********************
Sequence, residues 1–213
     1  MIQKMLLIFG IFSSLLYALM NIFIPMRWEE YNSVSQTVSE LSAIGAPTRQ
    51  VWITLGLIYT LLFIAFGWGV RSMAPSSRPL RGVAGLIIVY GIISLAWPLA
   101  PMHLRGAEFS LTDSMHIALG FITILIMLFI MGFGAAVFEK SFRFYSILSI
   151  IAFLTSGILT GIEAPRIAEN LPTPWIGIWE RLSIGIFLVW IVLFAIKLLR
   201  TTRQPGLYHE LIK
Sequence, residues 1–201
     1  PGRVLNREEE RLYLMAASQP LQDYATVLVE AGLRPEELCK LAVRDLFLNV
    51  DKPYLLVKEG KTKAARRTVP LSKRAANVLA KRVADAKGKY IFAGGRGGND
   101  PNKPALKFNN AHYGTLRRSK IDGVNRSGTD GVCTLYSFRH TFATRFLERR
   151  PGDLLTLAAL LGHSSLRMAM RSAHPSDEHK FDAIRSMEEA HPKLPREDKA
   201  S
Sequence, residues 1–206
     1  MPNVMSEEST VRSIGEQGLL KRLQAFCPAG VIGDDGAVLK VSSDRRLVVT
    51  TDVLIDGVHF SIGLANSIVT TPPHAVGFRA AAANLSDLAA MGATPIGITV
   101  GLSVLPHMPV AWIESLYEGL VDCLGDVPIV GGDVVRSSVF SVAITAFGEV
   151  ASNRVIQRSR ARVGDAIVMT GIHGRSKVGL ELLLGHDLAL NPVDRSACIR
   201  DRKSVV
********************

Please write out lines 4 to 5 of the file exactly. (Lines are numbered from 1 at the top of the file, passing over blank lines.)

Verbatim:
   101  PMHLRGAEFS LTDSMHIALG FITILIMLFI MGFGAAVFEK SFRFYSILSI
   151  IAFLTSGILT GIEAPRIAEN LPTPWIGIWE RLSIGIFLVW IVLFAIKLLR